Harvest Pests Vineyard

Harvest 2018

Harvest 2018

When we planted our first Sauvignon blanc vines in 2009 it was an experiment to see how well the variety would do.  After all we are at 5000’ feet elevation in an arid climate with monsoonal summers during ripening. The fine wines industry was just starting to develop in our area with two of the first wineries within one mile of us. There was little history of growing different varieties in our area. Each year presented new challenge especially for a novice vigneron. We chose Sauvignon blanc because it is one of our favorite varieties and one we assumed would have a better chance in this climate.  The first couple of years were very promising. By the third year we started to notice some of the vines were having difficulty with their development. Some vines struggled to produce a crop while others were abundantly overloaded.  Over time we lost a full row of vines.

This year the vines that are still producing yielded the largest crop to date. I will continue the Sauvignon blanc story after the Assyrtiko.

Assyrtiko Grapes


In 2011 we received two Mist Propagated Plants (MPP) Assyrtiko vines from the UC Davis Foundation Plant Services.  We nurtured them in containers and planted them in 2012. Their development was very slow, not producing any fruit until last year (2017).  In 2014 we planted 30 more Assyrtiko vines and they produced a small crop in 2017.

This year was impressive. The vines were loaded with fruit. Average 9 pounds per vine.  Out of the thirty vines, 19 plants produced 180 lbs. of grapes. A few vines have failed to develop or been damaged by gophers. A couple of vines failed to produce. We picked the vines September 4 at 23 brix, 3.3 PH, and fermented 9 days at 62 degrees with Lalvin R-HST yeast.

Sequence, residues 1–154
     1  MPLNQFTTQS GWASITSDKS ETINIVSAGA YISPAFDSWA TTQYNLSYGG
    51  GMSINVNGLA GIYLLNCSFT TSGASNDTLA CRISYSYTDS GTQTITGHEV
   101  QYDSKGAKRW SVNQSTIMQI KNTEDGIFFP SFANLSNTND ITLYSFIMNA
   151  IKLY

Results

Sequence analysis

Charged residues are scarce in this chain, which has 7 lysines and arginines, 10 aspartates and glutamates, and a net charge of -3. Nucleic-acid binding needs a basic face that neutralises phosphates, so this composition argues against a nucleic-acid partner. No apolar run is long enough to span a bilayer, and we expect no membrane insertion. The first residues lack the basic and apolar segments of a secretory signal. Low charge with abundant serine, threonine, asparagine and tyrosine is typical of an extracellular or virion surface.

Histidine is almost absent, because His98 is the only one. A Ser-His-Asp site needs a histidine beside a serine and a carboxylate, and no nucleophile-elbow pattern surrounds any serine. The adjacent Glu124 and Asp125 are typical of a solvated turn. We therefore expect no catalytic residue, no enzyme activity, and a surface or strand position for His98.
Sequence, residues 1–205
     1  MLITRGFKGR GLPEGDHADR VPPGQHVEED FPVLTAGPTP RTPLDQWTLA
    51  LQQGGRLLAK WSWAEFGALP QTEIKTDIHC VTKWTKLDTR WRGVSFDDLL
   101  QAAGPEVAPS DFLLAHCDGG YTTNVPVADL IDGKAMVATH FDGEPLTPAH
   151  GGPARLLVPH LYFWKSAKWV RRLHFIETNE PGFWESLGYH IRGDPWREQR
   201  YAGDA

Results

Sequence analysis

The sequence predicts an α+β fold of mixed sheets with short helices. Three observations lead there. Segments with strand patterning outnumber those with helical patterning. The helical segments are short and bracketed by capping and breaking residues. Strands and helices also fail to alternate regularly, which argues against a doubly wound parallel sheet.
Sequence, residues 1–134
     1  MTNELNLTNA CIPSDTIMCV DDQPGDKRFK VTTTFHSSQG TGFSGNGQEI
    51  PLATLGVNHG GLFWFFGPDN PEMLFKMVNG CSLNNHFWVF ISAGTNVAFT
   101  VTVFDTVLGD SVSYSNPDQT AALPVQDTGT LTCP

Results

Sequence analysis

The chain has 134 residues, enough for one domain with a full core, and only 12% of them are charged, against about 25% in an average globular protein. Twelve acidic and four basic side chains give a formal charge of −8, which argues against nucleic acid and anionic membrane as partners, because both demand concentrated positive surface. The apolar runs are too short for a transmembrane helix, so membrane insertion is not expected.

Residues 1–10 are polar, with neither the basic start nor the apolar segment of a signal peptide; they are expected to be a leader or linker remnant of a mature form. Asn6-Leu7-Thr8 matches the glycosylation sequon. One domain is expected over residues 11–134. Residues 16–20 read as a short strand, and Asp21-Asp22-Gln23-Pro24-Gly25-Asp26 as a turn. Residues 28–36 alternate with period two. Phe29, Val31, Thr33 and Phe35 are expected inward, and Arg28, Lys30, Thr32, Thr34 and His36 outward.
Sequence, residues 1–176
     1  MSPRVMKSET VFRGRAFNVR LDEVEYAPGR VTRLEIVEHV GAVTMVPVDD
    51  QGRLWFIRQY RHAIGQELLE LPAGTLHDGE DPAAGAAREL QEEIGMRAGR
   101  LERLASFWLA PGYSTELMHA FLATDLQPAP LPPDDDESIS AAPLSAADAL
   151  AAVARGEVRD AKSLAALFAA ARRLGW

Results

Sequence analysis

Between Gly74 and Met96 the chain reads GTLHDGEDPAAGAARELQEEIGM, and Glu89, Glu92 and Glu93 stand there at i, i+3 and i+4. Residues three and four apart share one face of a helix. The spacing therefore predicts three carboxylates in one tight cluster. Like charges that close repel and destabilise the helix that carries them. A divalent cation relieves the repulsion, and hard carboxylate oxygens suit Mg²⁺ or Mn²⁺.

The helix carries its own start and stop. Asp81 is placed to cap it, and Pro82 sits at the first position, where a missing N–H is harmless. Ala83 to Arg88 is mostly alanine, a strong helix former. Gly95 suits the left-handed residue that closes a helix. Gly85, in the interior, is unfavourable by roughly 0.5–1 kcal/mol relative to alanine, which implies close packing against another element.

Because the Assyrtiko is doing so well we have been questioning why the Sauvignon blanc is struggling. The two blocks are several hundred feet from each other. The difference with the Sauvignon blanc is its proximity to mature pine trees. Testing the soil and tissue hasn’t yielded any clues to the decline. I can only guess the pine oil and needles is having an adverse effect on the vines.

We had only minimal insect and mold pressure this summer, probably because the weather was so dry. We had monsoon storms around our area, however, there was less rain compared to last year. On the day after harvest we were invaded by an army of Hawk Moth Caterpillars. They are voracious eaters. We were able to completely pick the pests off the vines in 3 days with minimal damage.

Hawk Moth Caterpillar
August Monsoons in Arizona

We’re in the process of expanding the Assyrtiko vineyard. We plan on planting 50 more vines in the spring of 2019.

Harvest Vineyard

Assyrtiko Harvest 2017

After 5 years, the first two Assyrtico vines from UC Davis have given us a mature crop. These vines take a lot of patience, but they’re perfect for our Monsoon climate. The clusters are full but the berries are separated and resist the humidity. The skins are tough and full of tannins that express the terroir. The other 25 Assyrtico vines in a separate vineyard, also from Foundation Plant Services, are full of clusters and should produce some wine this year. Last year, we only had enough to make some grape jelly. We’re surprised at the length of time it takes for these grapes to ripen. As of August 12, they were only 17 degrees brix.

We harvested the Assyrtico on Aug. 24 at 21 degrees brix. The juice tasted very sweet and the seeds dark brown. The shoots had already lignified. Pressed enough juice to make about 2 gallons of wine. Inoculated with QA 23 yeast and there was no activity until we reinoculated 4 days later and added Fermaid. Checked to make sure there weren’t too much sulfites in the juice. Tested 35 ppm. It took a couple more days to really start fermenting.

Next year, we’ll use a different yeast, probably EC 1118.

Looking forward to a healthy crop next year after the vines become more mature